Sunday, April 29, 2012

I never metaphor I didn't like: Metaphor, The Tree of Utah

(You really ought to click on these to see what they look like big)

Driving through western Utah's Bonneville Salt Flats affords the eccentric roadside traveler a surreal, other-worldly landscape, and it somehow seems appropriate that a Swedish sculptor would erect an 87-foot tall "tree" with giant tennis ball-like leaves painted in colorful shades here. Back in 1982, Karl Momen began building what would eventually become "Metaphor: The Tree of Utah," a masterpiece made of 225 tons of concrete, 2,000 ceramic tiles, 5 tons of welding rod and a ton or two of minerals and rocks native to Utah. He completed the project in 1986, financed it himself, donated it to the state of Utah and returned to Sweden. It sits 95 miles west of Salt Lake City on a particularly stark and lonesome stretch of Interstate 80, and there is no access to get a good up close look at it, as Momen didn't spring for an exit ramp off the highway, so you either have to stop illegally along I-80, or snap away furiously as you whip past it going down the freeway. It's a wonderful site to behold though, in all its weirdness and odd beauty, right down to the shard-like "leaves" strewn around its fenced-in base.

Coming across a great roadside work of art like this makes me as happy as leaving my cake out in the rain, with its sweet green icing flowing down, and I'll never have that recipe again. How's that for a metaphor?

Saturday, April 28, 2012

I read the news today, oh boy: Some eccentric roadside attraction dispatches from the real media

We interrupt this blog to bring you this bulletin concerning two eccentric roadside attraction news events. The first one comes from CBS News and the great Steve Hartman. He interviewed the creator of Amarillo, Texas's Cadillac Ranch, and, as if that wasn't already enough, he also talked to the owners of Alliance, Nebraska's Carhenge in his weekly "On The Road" feature. Take a look:

Photo by Chip Litherland/Sarasota Herald-Tribune

The other noteworthy item comes from The Sarasota (Florida) Herald-Tribune. They report the city's 26-foot "Unconditional Surrender" statue of a sailor kissing a nurse has been removed for repairs due to damage it suffered after a 62-year old woman crashed her Mercedes E350 sedan into it. The impact knocked a hole about the size of a microwave oven into the sailor's foot and the car was left by the statue for some time after until a way to extract the two could be figured out. The driver said she was suffering from a reaction to some medicine when the crash occurred. The plan is to have the statue trucked to New Jersey so that the artist, Seward Johnson, can make the repairs. Here's a link to the story:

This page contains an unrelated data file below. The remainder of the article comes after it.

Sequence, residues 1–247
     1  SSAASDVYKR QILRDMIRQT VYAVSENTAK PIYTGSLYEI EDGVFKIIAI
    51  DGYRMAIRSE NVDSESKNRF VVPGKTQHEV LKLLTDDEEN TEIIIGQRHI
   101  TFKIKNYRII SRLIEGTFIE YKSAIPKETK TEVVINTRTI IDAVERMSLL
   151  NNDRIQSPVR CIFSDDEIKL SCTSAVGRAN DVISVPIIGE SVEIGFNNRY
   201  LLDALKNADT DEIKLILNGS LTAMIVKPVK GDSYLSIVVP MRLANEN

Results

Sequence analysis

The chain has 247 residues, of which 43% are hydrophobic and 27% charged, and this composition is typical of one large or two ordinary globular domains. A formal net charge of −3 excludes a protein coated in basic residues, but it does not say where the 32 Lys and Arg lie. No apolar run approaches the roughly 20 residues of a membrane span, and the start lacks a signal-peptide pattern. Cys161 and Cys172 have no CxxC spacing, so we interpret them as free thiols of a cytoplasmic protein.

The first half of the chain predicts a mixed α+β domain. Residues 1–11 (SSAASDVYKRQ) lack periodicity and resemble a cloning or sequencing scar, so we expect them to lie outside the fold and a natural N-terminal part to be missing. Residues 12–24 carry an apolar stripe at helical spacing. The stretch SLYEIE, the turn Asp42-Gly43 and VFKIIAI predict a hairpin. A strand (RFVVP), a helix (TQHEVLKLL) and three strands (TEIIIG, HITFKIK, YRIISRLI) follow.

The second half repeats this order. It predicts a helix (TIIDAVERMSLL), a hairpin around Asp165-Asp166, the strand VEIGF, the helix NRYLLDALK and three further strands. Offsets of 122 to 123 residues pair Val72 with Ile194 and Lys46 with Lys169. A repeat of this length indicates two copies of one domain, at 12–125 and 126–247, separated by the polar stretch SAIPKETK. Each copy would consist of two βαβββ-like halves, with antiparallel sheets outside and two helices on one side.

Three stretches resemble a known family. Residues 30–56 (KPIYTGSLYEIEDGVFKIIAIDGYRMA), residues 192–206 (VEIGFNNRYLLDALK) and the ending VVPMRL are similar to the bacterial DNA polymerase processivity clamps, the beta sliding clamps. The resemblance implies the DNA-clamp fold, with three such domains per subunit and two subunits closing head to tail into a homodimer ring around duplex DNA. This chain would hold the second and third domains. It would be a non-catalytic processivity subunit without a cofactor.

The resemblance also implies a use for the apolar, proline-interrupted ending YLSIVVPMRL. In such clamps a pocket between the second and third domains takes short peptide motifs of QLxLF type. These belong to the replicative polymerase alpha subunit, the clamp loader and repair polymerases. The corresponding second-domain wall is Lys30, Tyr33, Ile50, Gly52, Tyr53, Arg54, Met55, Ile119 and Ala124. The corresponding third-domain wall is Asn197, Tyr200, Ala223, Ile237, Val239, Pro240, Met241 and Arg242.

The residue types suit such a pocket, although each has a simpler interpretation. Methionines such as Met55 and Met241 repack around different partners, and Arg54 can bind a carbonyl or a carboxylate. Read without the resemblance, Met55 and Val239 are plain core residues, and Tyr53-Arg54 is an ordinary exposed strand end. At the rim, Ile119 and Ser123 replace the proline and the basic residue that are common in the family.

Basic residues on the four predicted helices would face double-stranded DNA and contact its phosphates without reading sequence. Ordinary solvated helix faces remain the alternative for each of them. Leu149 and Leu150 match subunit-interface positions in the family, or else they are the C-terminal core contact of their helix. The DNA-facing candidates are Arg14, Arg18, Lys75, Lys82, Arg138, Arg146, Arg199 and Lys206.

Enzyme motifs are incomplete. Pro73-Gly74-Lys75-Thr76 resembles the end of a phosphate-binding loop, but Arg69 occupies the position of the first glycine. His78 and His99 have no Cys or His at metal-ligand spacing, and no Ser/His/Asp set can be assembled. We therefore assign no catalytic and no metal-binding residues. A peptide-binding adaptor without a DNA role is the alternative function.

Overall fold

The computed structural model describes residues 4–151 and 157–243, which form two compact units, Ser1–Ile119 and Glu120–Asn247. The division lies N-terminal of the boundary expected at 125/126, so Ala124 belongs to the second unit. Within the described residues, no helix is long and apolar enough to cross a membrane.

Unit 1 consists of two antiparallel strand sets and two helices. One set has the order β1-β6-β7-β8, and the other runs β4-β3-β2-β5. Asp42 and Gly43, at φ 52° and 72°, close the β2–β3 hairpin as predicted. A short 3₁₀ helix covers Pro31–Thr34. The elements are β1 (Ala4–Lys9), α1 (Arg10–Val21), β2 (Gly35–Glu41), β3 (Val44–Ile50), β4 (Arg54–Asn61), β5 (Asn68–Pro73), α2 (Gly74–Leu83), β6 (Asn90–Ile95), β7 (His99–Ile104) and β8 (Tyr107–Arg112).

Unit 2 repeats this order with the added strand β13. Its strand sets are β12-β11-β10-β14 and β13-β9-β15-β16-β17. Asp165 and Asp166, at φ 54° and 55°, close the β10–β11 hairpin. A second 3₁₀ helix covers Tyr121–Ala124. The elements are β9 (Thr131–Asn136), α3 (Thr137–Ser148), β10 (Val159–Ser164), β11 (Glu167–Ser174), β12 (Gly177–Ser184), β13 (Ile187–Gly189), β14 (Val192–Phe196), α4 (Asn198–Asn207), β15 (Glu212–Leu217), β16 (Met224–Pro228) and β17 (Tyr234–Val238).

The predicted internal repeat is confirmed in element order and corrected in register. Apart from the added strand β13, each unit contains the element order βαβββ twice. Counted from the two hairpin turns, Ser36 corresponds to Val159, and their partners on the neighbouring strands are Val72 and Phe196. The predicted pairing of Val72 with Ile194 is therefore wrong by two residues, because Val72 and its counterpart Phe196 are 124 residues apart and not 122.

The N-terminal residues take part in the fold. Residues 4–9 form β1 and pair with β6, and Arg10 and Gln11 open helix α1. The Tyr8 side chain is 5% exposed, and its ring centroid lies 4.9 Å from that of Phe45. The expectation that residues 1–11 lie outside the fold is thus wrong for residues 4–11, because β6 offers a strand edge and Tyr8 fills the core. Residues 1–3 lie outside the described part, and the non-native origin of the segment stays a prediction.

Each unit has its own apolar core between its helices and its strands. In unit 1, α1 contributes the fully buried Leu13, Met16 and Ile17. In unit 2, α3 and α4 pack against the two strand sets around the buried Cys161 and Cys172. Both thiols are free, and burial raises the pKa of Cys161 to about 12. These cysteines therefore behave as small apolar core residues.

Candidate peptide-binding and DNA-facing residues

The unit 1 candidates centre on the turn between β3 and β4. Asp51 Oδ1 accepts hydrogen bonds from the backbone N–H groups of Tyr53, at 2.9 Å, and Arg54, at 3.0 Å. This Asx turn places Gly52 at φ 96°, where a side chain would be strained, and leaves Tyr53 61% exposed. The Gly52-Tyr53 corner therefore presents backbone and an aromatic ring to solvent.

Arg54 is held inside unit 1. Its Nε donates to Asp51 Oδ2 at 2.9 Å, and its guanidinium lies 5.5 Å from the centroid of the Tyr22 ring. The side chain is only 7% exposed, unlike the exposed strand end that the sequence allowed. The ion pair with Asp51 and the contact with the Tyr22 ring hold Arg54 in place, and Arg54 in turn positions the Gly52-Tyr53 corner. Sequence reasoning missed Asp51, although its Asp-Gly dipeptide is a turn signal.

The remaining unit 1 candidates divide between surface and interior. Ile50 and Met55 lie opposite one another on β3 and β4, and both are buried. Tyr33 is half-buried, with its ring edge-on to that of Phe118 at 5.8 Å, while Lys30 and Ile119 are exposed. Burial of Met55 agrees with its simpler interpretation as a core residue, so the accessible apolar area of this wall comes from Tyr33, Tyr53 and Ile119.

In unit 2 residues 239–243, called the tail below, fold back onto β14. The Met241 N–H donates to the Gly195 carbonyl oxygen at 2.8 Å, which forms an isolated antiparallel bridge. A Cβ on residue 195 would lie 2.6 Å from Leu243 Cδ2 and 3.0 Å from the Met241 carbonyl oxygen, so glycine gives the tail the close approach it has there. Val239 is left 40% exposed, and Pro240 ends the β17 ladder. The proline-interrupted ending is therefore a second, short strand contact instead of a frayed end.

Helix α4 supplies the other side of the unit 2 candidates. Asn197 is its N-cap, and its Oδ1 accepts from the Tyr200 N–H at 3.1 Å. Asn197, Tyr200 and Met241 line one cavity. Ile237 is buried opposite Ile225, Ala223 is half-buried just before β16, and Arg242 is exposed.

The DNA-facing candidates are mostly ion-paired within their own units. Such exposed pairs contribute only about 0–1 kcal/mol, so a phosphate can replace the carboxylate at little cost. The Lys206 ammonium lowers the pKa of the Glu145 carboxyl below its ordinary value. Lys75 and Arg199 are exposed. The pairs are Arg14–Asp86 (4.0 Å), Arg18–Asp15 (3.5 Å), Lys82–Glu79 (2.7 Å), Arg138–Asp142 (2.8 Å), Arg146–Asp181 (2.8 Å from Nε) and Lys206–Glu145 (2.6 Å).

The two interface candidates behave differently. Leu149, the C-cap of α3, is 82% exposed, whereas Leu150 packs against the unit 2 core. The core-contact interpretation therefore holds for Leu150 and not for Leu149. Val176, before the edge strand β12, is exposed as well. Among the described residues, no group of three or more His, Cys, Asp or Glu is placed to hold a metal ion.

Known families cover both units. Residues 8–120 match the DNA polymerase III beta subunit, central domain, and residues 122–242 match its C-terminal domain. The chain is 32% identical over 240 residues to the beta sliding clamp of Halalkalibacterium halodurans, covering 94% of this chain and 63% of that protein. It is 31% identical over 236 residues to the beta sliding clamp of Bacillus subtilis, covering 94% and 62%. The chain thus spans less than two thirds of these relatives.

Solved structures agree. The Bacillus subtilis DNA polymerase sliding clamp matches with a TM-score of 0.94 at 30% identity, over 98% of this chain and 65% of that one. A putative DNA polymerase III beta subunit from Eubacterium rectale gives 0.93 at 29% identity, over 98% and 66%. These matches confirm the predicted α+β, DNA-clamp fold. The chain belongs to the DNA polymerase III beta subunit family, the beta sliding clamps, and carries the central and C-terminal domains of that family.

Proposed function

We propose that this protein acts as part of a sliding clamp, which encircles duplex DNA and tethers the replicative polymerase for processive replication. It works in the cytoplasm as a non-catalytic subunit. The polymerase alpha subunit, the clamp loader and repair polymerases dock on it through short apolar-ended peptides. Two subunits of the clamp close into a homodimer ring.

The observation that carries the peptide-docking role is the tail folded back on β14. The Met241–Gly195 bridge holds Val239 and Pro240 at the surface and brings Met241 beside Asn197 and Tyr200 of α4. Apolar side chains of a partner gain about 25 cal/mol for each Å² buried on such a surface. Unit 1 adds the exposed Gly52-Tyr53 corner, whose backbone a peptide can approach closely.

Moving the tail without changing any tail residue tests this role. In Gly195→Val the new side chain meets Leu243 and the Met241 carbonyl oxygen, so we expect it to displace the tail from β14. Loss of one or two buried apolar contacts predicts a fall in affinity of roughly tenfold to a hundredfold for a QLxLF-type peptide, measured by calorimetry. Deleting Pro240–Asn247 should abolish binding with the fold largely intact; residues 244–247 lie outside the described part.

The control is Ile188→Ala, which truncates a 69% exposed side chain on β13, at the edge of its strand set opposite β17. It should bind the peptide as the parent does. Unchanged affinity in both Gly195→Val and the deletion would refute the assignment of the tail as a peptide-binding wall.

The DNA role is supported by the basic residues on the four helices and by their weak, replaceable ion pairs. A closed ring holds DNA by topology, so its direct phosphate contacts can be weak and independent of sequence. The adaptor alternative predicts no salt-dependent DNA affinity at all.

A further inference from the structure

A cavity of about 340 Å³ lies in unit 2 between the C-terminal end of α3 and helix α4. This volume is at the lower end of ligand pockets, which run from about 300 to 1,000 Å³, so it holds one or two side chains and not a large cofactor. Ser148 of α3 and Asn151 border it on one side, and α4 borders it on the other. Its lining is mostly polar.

We now return you to your regularly scheduled programming.

Sunday, April 22, 2012

How Swede it is: Greetings from Swedesburg, Iowa

Swedesburg welcomes you.

The Swedish American Museum

 John Alvine and David Johanson (not The New York Dolls-Buster Poindexter David Johanson, another David Johanson) were Swedeburg's last Swedish immigrants.

David emigrated as a child and before he left Sweden, his mother knitted him these socks, which he kept under his pillow.

Downtown Swedesburg

They have a handsome goat made out of hay bales to beckon the passersby to stop and visit.

One of our favorite things to do when driving through an area we haven't visited before is to get off the main roads and into some tiny little place we couldn't have imagined visiting back home. We looked up Swedesburg, Iowa, since Sherry is of Swedish heritage and I have a Swedish first name. It's a very small, unincorporated community in southeastern Iowa and the great travel website mentioned they have a giant straw goat there, so what more did we need? As you would expect, there are lots of farms in this region, but the Swedes who came here over 100 years ago had to do some swamp-draining to make this place livable, and swamp-drain they did. Reminded me a little of Swamp Castle in "Monty Python and the Holy Grail". Today Swedesburg's Swedish American Museum pays tribute to those rugged Scandinavians with pictures, books, documents, exhibits, and living, breathing people who will gladly tell you all about it. You'll see so many references to lutefisk, St. Lucia and dala horses that you won't mind the lack of Ingmar Bergman, Volvos or ABBA.

Swedesburg, vi älskar er!

Tuesday, April 17, 2012

Eccentric street name of the week

No doubt paved with assphalt.